President Donald Trump's openness to extensive background checks for gun purchases has drawn a warning from the National Rifle Association and concerns among White House aides, The Washington Post reported.
According to the Post, which cited unnamed sources, NRA chief executive Wayne LaPierre spoke with Trump on Tuesday after the president expressed support for a background check bill and told him it would not be popular among Trump's supporters. He also argued against the bill's merits, the officials said.
The two men had several more calls Wednesday, White House officials said, the Post reported.
Trump has waffled between wanting to do more and concern that doing so could prompt a revolt from his political base, the Post repotted.
"I don't think the president or his Republican allies are going to become out of nowhere advocates of aggressive gun control," Matt Schlapp, who leads the American Conservative Union and is a close ally of Trump, told the Post.
"He seems determined to do something and believes there is space to get something done this time around," said Senate Judiciary Committee chair Lindsey Graham, R-S.C., told the Post. "The president has a pretty common-sense point of view. He's never been a sports or gun enthusiast. But he is more determined than ever to do something on his watch."
Sen. Joe Manchin, D-W.Va., who co-sponsored legislation with Sen. Patrick J. Toomey, R-Pa., to expand background checks to nearly all firearm sales, said he told Trump he would need to back any gun-control legislation or it would fail again.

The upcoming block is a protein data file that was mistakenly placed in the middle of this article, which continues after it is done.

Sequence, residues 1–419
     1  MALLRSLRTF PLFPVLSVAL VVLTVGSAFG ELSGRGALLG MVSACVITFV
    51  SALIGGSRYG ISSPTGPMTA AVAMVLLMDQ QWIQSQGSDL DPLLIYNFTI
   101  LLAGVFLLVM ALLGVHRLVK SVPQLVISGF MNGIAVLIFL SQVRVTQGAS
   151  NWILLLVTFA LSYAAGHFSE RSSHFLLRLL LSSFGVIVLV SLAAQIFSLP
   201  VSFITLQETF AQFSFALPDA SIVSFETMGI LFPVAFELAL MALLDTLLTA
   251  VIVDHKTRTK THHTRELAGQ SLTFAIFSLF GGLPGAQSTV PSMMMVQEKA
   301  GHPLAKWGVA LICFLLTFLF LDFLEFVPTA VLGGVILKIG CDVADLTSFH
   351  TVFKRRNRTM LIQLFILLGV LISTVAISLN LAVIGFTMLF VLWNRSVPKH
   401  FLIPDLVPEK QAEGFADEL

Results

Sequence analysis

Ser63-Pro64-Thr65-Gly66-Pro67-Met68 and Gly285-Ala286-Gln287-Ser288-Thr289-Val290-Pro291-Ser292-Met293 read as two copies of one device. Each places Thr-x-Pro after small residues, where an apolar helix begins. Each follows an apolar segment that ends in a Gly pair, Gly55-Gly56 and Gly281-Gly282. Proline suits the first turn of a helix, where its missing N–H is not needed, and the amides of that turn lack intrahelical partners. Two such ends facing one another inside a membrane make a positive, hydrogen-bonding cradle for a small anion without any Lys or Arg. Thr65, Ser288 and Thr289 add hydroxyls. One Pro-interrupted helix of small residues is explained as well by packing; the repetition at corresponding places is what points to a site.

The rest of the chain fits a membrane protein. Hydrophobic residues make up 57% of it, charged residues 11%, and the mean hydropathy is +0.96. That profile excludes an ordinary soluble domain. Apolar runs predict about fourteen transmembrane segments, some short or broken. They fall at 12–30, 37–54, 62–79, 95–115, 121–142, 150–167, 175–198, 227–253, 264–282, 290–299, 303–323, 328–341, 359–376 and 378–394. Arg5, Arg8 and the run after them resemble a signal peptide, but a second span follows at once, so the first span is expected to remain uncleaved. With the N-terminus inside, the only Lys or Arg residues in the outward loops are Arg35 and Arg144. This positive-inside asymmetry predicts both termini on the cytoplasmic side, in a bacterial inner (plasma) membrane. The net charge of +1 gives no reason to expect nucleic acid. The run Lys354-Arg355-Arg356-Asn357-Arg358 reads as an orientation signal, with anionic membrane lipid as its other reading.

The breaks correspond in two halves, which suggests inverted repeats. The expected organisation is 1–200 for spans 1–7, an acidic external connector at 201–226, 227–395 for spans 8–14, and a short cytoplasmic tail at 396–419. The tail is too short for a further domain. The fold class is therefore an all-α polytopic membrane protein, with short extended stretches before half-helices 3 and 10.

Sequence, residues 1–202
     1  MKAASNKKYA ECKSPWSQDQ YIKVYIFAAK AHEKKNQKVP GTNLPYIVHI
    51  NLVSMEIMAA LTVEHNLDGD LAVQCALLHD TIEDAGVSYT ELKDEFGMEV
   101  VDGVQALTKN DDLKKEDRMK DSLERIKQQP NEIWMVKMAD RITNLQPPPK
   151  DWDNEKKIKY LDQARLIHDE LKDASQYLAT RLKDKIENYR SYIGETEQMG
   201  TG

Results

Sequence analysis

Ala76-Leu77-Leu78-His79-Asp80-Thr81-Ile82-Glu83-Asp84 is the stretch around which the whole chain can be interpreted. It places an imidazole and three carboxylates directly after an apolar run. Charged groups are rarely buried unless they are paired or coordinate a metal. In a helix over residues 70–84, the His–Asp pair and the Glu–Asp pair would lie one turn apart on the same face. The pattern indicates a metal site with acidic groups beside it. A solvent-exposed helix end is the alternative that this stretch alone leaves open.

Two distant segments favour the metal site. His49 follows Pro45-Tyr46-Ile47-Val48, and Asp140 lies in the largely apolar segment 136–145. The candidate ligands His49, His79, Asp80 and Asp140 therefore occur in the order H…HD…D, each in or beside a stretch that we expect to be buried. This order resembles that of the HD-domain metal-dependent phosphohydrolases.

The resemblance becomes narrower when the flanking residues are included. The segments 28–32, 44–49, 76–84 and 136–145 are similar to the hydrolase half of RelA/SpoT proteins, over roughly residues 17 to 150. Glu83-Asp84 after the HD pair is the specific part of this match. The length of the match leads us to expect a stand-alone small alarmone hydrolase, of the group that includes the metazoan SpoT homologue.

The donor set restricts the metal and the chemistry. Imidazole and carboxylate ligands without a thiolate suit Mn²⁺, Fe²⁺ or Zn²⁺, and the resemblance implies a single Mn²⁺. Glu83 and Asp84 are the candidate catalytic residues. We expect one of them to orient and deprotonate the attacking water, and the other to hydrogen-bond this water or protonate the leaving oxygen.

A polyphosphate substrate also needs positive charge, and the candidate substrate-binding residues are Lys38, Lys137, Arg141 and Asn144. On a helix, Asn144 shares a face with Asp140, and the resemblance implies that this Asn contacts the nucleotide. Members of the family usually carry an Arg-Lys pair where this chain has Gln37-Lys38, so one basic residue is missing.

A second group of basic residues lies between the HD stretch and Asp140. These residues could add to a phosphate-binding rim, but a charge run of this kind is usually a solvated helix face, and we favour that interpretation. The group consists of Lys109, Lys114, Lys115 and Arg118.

"If you don't stand up and say, 'This is a piece of legislation I support,' we're not going to get enough cover to have Republicans stand tall," Manchin told the Post. "They won't be able to do it."
Sen. Toomey told the Post he has spoken with the president at least three times since the weekend mass shootings in El Paso, Texas and Dayton, Ohio. He called the talks "encouraging" and "very recent."
"I will just tell you generally the president is open-minded about this," Toomey told the Post.
According to the Post, any Capitol Hill push to implement firearms restrictions is likely to face, at a minimum, skepticism from conservatives.
"The question is, what difference can the federal government make in what is largely a state decision?" Sen. Chris Murphy, D-Conn., one of the most vocal advocates of gun control in Congress, has said, the Post reported.
"I'm all for federal action on extreme risk protection orders. I'm just not sure it's going to move the needle."
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